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Sydney startup Smart Sparrow partners with Deakin University to enhance online education

Deakin University has become the first Australian university to adopt Inspark courseware, powered by Sydney startup Smart Sparrow, to deliver students digitally enhanced education. Instead of traditional teaching tools, Smart Sparrow looks to tailor each student’s lesson to their needs and abilities through adaptive learning experiences.

Deakin deputy vice-chancellor for education Professor Beverley Oliver said Deakin’s adoption of Inspark courseware will help ensure that students’digital study experiences are more engaging and rewarding than learning in traditional modes.

“At Deakin, we adopt new learning tools, including digital tools, when we see that they can make learning more effective and engaging, so that our students can have a brilliant education where they are and whatever their circumstances,” Oliver said.

“This is particularly important for our growing numbers of students who choose to learn completely online.”

Smart Sparrow has also received a grant from the Bill and Melinda Gates Foundation to further increase its distribution to more than one million undergraduates. Smart Sparrow allows students to engage with studies through interactive and game-like courses that require logic and reasoning to solve problems. Through built in analytics, teachers are able to access gaps in students’ abilities and can address them straight away.

The latest research for students studying higher forms of education reveals that online courses for students under the age of 25 is increasing in popularity. A report found that postgraduate degrees now constitute 13.8 percent of the online education market, with undergraduate courses claiming 11.3 percent. Distance learning in Australia is now offered by some of the most prestigious universities including, Deakin University, Curtin University, Central Queensland University and also University of New England.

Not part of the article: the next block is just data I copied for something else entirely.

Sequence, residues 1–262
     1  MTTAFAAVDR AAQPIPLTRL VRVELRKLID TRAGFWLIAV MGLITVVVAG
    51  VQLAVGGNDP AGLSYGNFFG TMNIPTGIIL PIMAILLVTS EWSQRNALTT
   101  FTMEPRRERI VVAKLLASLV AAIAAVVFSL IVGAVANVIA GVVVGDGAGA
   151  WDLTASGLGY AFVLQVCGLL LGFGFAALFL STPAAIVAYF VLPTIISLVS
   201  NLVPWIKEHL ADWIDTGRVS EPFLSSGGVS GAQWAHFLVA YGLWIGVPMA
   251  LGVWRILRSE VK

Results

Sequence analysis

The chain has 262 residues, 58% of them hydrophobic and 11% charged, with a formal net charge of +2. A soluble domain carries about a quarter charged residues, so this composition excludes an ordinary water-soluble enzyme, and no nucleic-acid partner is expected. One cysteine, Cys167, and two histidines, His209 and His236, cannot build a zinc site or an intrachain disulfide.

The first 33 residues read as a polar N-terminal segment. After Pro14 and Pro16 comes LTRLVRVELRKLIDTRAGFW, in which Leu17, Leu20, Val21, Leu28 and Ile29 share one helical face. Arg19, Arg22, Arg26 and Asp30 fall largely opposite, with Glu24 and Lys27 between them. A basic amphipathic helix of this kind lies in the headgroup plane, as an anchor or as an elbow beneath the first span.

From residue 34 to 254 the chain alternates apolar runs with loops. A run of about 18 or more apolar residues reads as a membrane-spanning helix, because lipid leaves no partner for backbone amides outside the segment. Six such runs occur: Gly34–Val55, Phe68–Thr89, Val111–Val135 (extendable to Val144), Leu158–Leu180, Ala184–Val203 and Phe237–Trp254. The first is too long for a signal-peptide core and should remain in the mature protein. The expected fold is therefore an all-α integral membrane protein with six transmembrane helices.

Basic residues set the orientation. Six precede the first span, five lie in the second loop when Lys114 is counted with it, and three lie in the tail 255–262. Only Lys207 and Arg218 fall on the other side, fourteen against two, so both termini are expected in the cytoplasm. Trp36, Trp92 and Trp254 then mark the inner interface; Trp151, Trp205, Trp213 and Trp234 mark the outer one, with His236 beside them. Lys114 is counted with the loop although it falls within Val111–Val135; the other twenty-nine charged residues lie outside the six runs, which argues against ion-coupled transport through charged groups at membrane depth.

Deakin has more than 53,000 enrolled students, with almost a quarter studying online. The opportunities of the digital age have widened the access to education and lowered the barriers to entry. For many students current approaches not only to teaching science, but many other fields of study are still based on the memorisation of facts. In general, this form of teaching may not result in the best outcomes for all students, which is why investing into new adaptive teaching technologies is important for improving learning behaviour.

As trends towards upskilling increases due to technological advances, Australia is seeing a rapid increase in edutech startups offering online learning. Startups like Academy Xi, Codeacademy, 3P Learning and of course Smart Sparrow look to familiarise students with external learning and upskill those who already have established careers.

CEO of Smart Sparrow Dror Ben-Naim said he is passionate about how higher education can be improved.

“For too long, science has been taught as a collection of facts, rather than a process of exploration that inspires critical thinking. With Inspark courses, instructors are able to leverage adaptive technology and dynamic course content to help students learn through exploration, and ultimately succeed,” he said.

“We are very pleased to partner with Deakin University to bring the Inspark Science Network to our home country.”

In September last year, Smart Sparrow partnered with OpenLearning to create customisable and personal courses. The partnership saw Smart Sparrow’s adaptive learning technology integrated into the OpenLearning platform and has been used by educational institutions including UNSW, University of Canberra and even companies around the US, Europe and Australia with students from over 180 countries studying OpenLearning courses.

The new partnership with Deakin University will allow Smart Sparrow to bring the Inspark Network into digitally powered university courses. Two Inspark Network courses, HabWorlds and BioBeyond, will be rolled out to Deakin science students in the University’s third trimester this year. The adoption of both courses has become part of the University’s investment into improving student learning.

“We believe that Inspark is pioneering a revolutionary approach to the teaching of science, which has broad implications for teaching and learning across other disciplines,” said Oliver.

“We are excited to leverage this work and equip our teaching staff with next-generation tools to help our students succeed.”  

Image: Dror Ben-Naim. Source: Supplied.





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